Socioeconomic and Geographic Patterning of Smoking Behaviour in Canada: A Cross-Sectional Multilevel Analysis
Lear, Scott A.
Chow, Clara K.
Boyle, Michael H.
Teo, Koon K.
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CitationCorsi, Daniel J., Scott A. Lear, Clara K. Chow, S. V. Subramanian, Michael H. Boyle, and Koon K. Teo. 2013. Socioeconomic and geographic patterning of smoking behaviour in Canada: a cross-sectional multilevel analysis. PLoS ONE 8(2): e57646.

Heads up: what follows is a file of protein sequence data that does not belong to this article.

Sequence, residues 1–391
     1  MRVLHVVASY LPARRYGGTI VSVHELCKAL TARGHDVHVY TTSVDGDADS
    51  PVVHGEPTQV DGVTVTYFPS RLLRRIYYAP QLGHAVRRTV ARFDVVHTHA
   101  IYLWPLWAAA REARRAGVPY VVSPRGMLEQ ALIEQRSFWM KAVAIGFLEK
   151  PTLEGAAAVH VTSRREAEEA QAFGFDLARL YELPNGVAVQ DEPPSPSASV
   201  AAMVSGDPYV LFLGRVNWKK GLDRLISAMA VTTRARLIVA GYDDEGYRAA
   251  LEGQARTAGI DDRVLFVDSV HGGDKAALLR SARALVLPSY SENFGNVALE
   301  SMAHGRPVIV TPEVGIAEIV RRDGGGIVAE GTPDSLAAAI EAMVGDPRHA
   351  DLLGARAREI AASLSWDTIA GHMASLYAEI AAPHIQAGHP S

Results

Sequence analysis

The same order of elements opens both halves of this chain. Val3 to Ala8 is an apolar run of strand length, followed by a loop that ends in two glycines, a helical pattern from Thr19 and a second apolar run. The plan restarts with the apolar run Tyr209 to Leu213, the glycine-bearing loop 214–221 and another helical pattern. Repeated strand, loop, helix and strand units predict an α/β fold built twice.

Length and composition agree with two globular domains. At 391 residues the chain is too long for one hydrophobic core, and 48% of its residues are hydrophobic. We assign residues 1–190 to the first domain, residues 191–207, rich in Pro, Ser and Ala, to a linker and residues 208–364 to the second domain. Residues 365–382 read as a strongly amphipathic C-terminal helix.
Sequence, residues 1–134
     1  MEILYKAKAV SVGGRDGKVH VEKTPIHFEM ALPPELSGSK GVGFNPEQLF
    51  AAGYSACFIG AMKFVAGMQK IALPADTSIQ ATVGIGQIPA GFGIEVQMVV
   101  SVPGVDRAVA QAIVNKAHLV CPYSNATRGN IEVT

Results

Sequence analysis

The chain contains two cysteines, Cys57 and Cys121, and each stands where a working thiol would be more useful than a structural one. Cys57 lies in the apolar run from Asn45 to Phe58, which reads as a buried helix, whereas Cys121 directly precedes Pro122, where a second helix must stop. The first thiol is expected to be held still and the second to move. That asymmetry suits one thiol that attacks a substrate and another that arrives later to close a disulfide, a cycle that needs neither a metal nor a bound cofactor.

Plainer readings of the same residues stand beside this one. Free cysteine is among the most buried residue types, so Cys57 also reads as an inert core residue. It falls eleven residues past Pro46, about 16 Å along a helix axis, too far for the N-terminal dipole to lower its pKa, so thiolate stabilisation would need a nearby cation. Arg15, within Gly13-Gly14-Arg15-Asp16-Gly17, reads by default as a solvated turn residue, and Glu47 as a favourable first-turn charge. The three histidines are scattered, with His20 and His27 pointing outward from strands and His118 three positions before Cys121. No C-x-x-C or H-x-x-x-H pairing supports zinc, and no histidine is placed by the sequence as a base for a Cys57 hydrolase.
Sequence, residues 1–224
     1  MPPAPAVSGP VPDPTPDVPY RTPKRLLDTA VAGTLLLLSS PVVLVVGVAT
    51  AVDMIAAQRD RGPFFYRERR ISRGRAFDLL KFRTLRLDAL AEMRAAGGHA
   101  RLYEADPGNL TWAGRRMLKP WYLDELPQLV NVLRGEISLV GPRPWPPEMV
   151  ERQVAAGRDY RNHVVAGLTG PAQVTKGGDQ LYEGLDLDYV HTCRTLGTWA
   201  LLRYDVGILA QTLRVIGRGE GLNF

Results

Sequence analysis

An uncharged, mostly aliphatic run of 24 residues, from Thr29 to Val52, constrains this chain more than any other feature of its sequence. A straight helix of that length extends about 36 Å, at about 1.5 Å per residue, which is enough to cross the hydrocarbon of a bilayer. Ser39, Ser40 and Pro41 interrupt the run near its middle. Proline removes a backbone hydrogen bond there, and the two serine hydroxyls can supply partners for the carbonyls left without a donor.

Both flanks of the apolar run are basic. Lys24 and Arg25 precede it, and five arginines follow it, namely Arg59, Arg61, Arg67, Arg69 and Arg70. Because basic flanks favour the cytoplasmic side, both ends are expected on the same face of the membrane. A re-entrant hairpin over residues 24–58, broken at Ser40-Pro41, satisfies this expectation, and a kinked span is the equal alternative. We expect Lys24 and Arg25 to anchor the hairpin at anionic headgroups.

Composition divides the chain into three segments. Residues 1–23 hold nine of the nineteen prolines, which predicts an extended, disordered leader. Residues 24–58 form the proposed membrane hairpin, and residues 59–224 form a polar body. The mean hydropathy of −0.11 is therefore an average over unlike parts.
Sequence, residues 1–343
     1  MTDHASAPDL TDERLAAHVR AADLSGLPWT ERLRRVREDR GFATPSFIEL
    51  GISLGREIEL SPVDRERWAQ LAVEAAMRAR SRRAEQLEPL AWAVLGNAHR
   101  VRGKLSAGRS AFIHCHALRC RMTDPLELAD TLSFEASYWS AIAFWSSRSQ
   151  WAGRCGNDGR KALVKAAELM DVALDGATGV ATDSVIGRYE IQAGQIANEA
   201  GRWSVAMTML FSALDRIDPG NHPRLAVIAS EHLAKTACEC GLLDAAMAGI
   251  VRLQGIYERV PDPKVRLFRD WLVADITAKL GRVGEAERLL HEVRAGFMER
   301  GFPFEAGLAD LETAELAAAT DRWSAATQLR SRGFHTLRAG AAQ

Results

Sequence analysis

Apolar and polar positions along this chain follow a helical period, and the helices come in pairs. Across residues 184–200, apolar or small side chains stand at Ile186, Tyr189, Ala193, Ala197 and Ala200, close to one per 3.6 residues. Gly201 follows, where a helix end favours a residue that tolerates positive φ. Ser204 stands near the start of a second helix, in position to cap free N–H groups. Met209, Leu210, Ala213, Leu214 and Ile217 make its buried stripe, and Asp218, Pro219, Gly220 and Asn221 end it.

AbstractObjective: To describe the socioeconomic and geographic distribution of smoking behaviour in Canada among 19,383 individuals (51% women) aged 15–85 years. Methods: Current smoking and quitting were modeled using standard and multilevel logistic regression. Markers of socioeconomic status (SES) were education and occupation. Geography was defined by Canadian Provinces. Results: The adjusted prevalence of current smoking was 20.2% (95% confidence interval [CI]: 18.8–21.7) and 63.7% (95% CI: 61.1–66.3) of ever smokers had quit. Current smoking decreased and quitting increased with increasing SES. The adjusted prevalence of current smoking was 32.8% (95% CI: 28.4–37.5) among the least educated compared to 11.0% (95% CI: 8.9–13.4) for the highest educated. Among the least educated, 53.0% (95% CI: 46.8–59.2) had quit, rising to 68.7% (95% CI: 62.7–74.1) for the most educated. There was substantial variation in current smoking and quitting at the provincial level; current smoking varied from 17.9% in British Columbia to 26.1% in Nova Scotia, and quitting varied from 57.4% in Nova Scotia to 67.8% in Prince Edward Island. Nationally, increasing education and occupation level were inversely associated with current smoking (odds ratio [OR] 0.64, 95% CI: 0.60–0.68 for education; OR 0.82, 95% CI: 0.77–0.87 for occupation) and positively associated with quitting (OR 1.27, 95% CI: 1.16–1.40 for education; OR 1.20, 95% CI: 1.12–1.27 for occupation). These associations were consistent in direction across provinces although with some variability in magnitude. Conclusion: Our findings indicate that socioeconomic inequalities in smoking have persisted in Canada; current smoking was less likely and quitting was more likely among the better off groups and in certain provinces. Current prevention and cessation policies have not been successful in improving the situation for all areas and groups. Future efforts to reduce smoking uptake and increase cessation in Canada will need consideration of socioeconomic and geographic factors to be successful.
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